An HTML 3.0 page to cut your browser's teeth on (2)

lilley (
Thu, 16 Mar 1995 19:24:36 +0500

(sorry about the last blank one - finger trouble).

I started out making some trivial HTML 3.0 test pages, then got tired
of the content-free stuff and decided to tackle a decent page; something
you could not do in HTML 2.0, that would show off HTML 3.0 a bit.

The page uses FIG (all the attributes except overlay), tables with
embedded NOTE ROLE=Footnote, a character from HTMLlat-1 (the degree sign)
and superscripts in non-math mode. I picked the subject partly because the
obvious text-only replacement for the graphic requires multiple lines of
text, not suitable for ALT. I feel this is also a good example because there
is an obvious thing that HTML 3.0 has not been able to do - use the glyphs
for the signs of the zodiac. In other words, if you need to include specialist
symbols - APL, music, astrology, hieroglyphics - there is still no better
solution than inline images masquerading as textual entities (which I
did not stoop to on this page).

The result, validated with the Mon 13-Mar-95 09:51:25 DTD, is at

It is being served as text/html at the moment, because I wanted to see how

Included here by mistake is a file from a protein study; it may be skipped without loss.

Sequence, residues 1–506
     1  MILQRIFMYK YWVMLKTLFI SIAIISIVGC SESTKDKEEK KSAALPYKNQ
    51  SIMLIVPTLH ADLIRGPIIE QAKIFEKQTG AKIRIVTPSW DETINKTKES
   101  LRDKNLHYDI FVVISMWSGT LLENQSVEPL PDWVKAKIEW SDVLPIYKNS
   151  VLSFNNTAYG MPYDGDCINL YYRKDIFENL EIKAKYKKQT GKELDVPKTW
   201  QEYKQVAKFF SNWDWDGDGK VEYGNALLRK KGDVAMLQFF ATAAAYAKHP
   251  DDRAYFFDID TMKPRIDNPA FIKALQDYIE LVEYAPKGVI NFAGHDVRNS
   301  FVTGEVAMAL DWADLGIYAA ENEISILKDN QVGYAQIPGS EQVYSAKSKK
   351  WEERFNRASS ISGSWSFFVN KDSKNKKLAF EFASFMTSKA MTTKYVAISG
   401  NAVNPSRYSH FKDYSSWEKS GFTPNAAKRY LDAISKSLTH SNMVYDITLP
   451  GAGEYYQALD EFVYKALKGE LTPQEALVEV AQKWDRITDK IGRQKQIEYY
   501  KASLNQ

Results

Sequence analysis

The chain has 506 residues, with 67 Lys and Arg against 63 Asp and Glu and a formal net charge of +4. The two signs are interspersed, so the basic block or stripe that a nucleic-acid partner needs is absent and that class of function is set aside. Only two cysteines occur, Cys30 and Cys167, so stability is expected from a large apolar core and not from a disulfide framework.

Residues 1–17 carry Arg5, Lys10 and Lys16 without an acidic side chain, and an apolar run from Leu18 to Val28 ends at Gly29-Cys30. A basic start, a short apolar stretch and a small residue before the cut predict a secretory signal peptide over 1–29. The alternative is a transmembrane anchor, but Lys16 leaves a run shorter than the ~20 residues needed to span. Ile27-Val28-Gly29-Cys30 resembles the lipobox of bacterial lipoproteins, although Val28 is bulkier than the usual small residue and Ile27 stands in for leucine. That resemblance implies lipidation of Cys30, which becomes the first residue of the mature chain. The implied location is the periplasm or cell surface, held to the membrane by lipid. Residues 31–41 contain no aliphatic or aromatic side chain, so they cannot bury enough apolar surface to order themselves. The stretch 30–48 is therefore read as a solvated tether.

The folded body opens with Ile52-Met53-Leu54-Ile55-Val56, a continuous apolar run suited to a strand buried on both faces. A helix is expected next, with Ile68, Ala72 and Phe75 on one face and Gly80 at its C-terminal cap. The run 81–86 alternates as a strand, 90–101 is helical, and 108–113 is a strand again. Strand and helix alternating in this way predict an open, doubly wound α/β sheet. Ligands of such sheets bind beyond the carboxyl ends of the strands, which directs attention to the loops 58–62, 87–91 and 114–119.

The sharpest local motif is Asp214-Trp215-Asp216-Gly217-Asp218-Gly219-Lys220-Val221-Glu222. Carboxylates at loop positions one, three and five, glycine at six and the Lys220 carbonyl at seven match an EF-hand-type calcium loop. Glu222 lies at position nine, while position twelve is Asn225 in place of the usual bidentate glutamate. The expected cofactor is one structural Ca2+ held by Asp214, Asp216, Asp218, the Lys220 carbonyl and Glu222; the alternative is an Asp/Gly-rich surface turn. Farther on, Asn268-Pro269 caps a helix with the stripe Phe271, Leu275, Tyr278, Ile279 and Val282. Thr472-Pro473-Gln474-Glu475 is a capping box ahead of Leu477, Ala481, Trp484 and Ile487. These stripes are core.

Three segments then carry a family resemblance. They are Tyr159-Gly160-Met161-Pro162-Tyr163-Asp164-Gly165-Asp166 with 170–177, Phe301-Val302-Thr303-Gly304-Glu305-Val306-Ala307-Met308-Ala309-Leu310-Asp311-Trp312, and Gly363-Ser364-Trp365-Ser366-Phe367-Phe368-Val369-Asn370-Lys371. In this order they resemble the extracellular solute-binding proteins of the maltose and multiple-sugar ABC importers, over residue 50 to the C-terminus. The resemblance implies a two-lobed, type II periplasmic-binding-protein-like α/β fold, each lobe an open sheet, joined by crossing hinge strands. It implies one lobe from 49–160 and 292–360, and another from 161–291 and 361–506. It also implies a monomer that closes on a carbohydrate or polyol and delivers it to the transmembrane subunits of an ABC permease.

existing browsers coped with it:

Arena 0.96p, I am sorry to say, hangs then dumps core with this page. I think
it is the footnotes inside the table.

Mosaic for X 2.5b4 shows both the FIG graphic *and* the textual alternative.
It correctly hides the footnotes, but cannot display ° or   and
puts in a bizarre "broken image" NCSA logo where there is no image. Curious.
It displays the table OK, but without the superscripted text. So it is sometimes
displaying the content without the tags, and sometimes hiding the content.

Netscape for X 1.1b1 does not display the graphic but does display the textual
alternative. It displays the footnotes inline, which results in huge table
headings that look rather odd. It handles   but not °. Superscript
text is not superscripted, but the content is shown.

I do not have access to emacs-w3 - I tried to install it once, but the
meta-x-alt-f3 stuff was a bit beyond an emacs-virgin like myself (I can load
and save and move the cursor, that's about it). I would be pleased to get
reports from users of other HTML3.0 (or getting that way) browsers; please
state what it did right, what it did wrong, the platform and version. I
will summarise to the list unless you ask me not to for a particular browser.

Chris Lilley
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